Woodrow Wilson Fellow Clayton Jacques ’19 is training to teach in high-need high schools.
Clayton Jacques ’19, a biology major and Hispanic studies minor from Newburyport, Mass., has received a Woodrow Wilson Foundation fellowship to pursue a master’s degree in education at Duquesne University in Pittsburgh, Pa., with the goal of becoming a certified teacher in Pennsylvania.
The Woodrow Wilson fellowship is a competitive program that “recruits both recent graduates and career changers with strong backgrounds in science, technology, engineering, and math—the STEM fields—and prepares them to teach in high-need secondary schools,” according to the program’s press release.
“I was attracted to this fellowship because it was specific to STEM majors,” Jacques says. “It’s important to bring a science background into the classroom.”
Jacques is one of 24 Woodrow Wilson Fellows in the program’s first cohort in Pennsylvania. Fellows receive a $32,000 scholarship toward the master’s program, which incorporates a year of experience in the classroom, and agree to teach for three years in high-need Pennsylvania schools. The program has graduated more than 1,200 teachers in Georgia, Indiana, Michigan, New Jersey, and Ohio.
Jacques says he was drawn to teaching as a profession because of the difference teachers have made in his own life. “I’ve always really admired my teachers, and I’ve had some really constructive experiences in the classroom, in high school and at Dartmouth,” he says.
As an undergraduate, Jacques participated in the biology foreign study program in Costa Rica and Little Cayman Island. “Studying abroad was a really amazing experience,” he says. “I got to go to the tropics and study all these organisms. It was inspirational. As a teacher, I want to try to bring some of that energy and real-world presence to the classroom.”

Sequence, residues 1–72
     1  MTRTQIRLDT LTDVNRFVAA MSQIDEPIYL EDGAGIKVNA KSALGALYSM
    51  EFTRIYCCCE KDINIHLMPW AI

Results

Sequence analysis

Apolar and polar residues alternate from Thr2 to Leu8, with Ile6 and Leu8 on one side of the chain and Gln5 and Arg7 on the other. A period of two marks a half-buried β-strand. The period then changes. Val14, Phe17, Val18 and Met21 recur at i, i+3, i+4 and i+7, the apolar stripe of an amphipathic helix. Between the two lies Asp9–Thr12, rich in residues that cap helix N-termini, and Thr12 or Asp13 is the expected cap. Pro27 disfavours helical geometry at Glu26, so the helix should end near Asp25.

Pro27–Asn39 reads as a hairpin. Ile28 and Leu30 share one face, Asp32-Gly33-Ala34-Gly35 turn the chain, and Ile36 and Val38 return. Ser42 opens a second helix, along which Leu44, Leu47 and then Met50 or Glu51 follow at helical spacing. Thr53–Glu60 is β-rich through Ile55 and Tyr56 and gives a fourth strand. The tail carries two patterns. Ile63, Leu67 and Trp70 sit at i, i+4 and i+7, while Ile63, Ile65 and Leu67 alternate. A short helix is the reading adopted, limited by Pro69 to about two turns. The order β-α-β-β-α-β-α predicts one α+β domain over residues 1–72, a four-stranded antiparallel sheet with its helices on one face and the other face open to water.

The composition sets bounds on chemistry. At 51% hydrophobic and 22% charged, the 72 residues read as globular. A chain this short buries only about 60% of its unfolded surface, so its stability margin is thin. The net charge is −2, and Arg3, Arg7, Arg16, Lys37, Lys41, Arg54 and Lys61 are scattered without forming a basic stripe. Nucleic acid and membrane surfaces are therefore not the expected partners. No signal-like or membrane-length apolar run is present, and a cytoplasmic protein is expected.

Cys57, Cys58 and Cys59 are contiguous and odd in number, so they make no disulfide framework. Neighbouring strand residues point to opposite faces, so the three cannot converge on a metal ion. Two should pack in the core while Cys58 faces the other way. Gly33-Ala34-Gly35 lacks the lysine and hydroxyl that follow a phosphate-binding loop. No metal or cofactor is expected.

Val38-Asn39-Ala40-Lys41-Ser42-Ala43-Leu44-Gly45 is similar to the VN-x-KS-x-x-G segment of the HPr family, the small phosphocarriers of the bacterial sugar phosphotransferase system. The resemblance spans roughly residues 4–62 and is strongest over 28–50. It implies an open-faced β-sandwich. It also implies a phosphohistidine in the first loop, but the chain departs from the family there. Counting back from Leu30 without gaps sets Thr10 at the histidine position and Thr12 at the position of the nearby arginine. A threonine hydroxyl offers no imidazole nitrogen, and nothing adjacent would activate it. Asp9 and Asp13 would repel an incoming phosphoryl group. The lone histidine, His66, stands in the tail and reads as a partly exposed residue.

Jacques interned with Summer Enrichment at Dartmouth (SEAD), a program sponsored by the Dartmouth Center for Social Impact that is aimed at encouraging students in under-resourced high schools to pursue college. He spent a term at Raymond High School in Raymond, N.H., mentoring sophomores in academic and college preparation skills.
“That experience was eye-opening to me. It showed me what it’s like to work in a public high school,” he says. And it motivated him to want to continue making a difference in under-resourced schools, he says. “It had its challenges at times, but it was good for me to have an idea of what I’m getting into. I felt like, yeah, I can do this.”
To learn more about how to apply for Udall, Goldwater, and other scholarships, visit Dartmouth’s Fellowship Advising Office.